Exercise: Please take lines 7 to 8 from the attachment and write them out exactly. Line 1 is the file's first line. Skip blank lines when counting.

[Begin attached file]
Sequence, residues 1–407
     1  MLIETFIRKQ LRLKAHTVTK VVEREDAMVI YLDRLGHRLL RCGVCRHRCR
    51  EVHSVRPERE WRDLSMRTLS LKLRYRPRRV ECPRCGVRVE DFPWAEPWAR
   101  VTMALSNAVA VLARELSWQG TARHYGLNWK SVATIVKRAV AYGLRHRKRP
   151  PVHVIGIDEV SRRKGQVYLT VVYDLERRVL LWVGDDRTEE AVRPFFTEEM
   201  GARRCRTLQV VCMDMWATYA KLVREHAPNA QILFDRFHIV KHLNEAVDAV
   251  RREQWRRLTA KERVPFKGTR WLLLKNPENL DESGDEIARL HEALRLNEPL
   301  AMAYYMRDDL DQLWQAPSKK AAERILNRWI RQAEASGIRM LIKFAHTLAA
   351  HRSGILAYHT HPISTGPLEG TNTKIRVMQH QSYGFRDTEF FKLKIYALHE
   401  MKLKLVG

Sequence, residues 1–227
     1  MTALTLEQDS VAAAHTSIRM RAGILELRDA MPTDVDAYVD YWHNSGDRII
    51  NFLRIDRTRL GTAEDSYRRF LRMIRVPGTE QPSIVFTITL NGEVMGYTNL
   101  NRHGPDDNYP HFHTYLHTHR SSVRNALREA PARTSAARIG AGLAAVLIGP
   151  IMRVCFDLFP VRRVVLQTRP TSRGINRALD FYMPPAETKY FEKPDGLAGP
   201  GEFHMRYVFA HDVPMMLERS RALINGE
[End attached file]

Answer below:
   251  RREQWRRLTA KERVPFKGTR WLLLKNPENL DESGDEIARL HEALRLNEPL
   301  AMAYYMRDDL DQLWQAPSKK AAERILNRWI RQAEASGIRM LIKFAHTLAA